How one old snowblower became an $80 million enterprise

Brad Hutchinson has made a career of finding niches in construction-equipment industry, other businesses


To many of the drivers who passed the house near Plain City, the metal machinery in the front yard must have looked like a pile of junk.

Not to Brad Hutchinson, who did a double take and turned his truck around to get a better look. That turned into the seed for what has become a wide-ranging, $80 million enterprise run by Hutchinson, who lives near Lancaster.

“I knew what it was. It was just what I was looking for: a snowblower,” said Hutchinson, 41, who has made a career out of what he calls “finding a niche where no one else is servicing people.”

The broken-down, old snowblower — the kind used to make snow and then blow it onto a ski run —was modified and used to eliminate dust at construction sites. From that point more than a decade ago, Hutchinson found a variety of other opportunities.

Hutchinson’s companies today include: Company Wrench, which rents and repairs large construction equipment and has 12 locations nationally; C.W. Machine Worx, which manufactures dust suppressors and custom parts for construction equipment; C.W. Transport, a trucking company; H&W Real Estate Investments; and Taylor Rental Party Plus.

All these niches added up to $80 million in revenue last year, supporting 150 employees, with a little more than half of them located at the Carroll headquarters near Lancaster.

Hutchinson and his wife, Penny, who runs Taylor Rental, recently purchased the Cool Cravings restaurant in Lancaster.

“I mentioned to her I was going to buy it, and she said that wasn’t a very good idea,”Hutchinson said. “But it was already a done deal, and I couldn’t back out.”

The Hutchinsons are also in the midst of purchasing the historic — and crumbling — Mithoff Hotel in Lancaster and have plans for a $4 million restoration.

“It will be hard for them to recoup their investment even over 20 or 30 years, so the miracle of this project is finding someone who takes pride in the community and will invest in the community,”said Lancaster Mayor David S. Smith.

Hutchinson said he overcame “a home life that wasn’t so good” on his journey to becoming a successful businessman and leader in the community.

In his early teens, Hutchinson moved into the nearby Lancaster home of his best friend, Sean Miller, whose parents, Russ and Rita, became his parental role models.

“His family chose to go in one direction, and he chose to go in another,” Sean Miller said.

The direction Hutchinson chose was to start a contracting company, Accurate Construction, in 1993, when he was 19. He declared bankruptcy three years later and in 1998, created Elite Construction, which was successful.

“I learned from my mistakes,” Hutchinson said. “I learned more about bidding on jobs, I hired help for accounting, and I learned to hire people based on their ability and not because I liked them.”

An unfilled niche led to the start of Company Wrench in 1999.

“We had trucks and small equipment for the contracting business, and I could never find a repair facility in Lancaster that could handle them,” Hutchinson said.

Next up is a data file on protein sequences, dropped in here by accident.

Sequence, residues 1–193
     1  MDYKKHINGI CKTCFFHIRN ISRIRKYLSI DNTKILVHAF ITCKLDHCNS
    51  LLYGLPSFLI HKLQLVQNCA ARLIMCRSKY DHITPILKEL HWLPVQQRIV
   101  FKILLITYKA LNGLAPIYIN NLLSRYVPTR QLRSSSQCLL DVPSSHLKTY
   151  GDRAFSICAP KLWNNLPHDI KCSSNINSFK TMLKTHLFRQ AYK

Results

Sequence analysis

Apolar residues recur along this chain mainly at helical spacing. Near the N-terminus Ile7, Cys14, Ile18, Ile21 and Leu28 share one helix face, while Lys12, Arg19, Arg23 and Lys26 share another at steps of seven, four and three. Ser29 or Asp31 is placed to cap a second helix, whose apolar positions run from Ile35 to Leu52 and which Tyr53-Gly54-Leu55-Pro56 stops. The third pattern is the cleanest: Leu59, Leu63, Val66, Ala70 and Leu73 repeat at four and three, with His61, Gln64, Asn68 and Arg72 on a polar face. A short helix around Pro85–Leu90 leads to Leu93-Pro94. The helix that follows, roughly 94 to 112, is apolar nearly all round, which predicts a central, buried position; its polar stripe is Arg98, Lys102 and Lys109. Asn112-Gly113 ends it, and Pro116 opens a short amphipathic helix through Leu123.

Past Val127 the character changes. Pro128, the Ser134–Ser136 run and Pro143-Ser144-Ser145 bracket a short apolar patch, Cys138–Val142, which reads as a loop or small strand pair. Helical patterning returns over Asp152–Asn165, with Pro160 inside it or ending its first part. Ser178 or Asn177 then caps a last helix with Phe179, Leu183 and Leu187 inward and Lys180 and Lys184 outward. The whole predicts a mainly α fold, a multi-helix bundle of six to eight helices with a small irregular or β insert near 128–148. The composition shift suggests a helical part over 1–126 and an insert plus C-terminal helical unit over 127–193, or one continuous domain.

At about this time, he met Penny, 52, who had three children.

“That was the biggest turning point in my life,” he said. “She gave me focus. She was someone to grab me and say ‘Finish this before you start something else.’  ”

Mrs. Hutchinson likens her husband to the Energizer Bunny. “He has endless energy and is a perfectionist,” she said. “And he’ll see an area where other businesses are lacking and fill that hole.”

And this brings us back to the old snow-making machine.

The Environmental Protection Agency requires the suppression of what it terms “fugitive dust” at demolition sites. “And that meant a guy standing there with a hose spraying water,” Mr. Hutchinson said.

His idea was to spray water over a large area by using a powerful fan, and the old snow-making machine on the side of the road — which he purchased for $3,000 — fit the bill.

Mr. Hutchinson got it working, made several modifications and tested it at local demolition sites. He later swapped a $60,000 track loader with a Wisconsin ski resort for six old — and broken— snow-making machines

“They pulled in with all these old snowblowers on the back of a truck, and I said, ‘Why did you buy all this junk,’  ” Mrs. Hutchinson said. “But he was able to get four working units from that pile of junk.”

Mr. Hutchinson began renting these dust suppressors for $3,000 a month and continued perfecting his design for a new machine. He applied for and eventually received patents for what became the Dust Destroyer.

“They’re well-built and durable,” said Rob Mowen, who’s in charge of the production of the line of Dust Destroyers.

The company’s C.W. Machine Worx unit began making them in 2010 and has produced about 100. They cost up to $150,000. Seventy have been sold and 20 others are available for rent.

“They do a good job,” said Brian Maiher of Maiher Demolition and Salvage in Carroll.

His company used the Dust Destroyer while demolishing the former Jaeger Machine Co. manufacturing site near the Arena District. “They threw a mist over the whole building,” Maiher said. “There’s nothing else like it that I know of.”

Mr. Hutchinson believes there’s a growing market for his dust-suppression machines, which he said can also be used for environmental cleanups and to battle fires.

“Every day, I’m amazed,” he said of where he started from and where his life and his companies are now. “Whenever we achieve a certain financial goal or create something, I’m amazed.”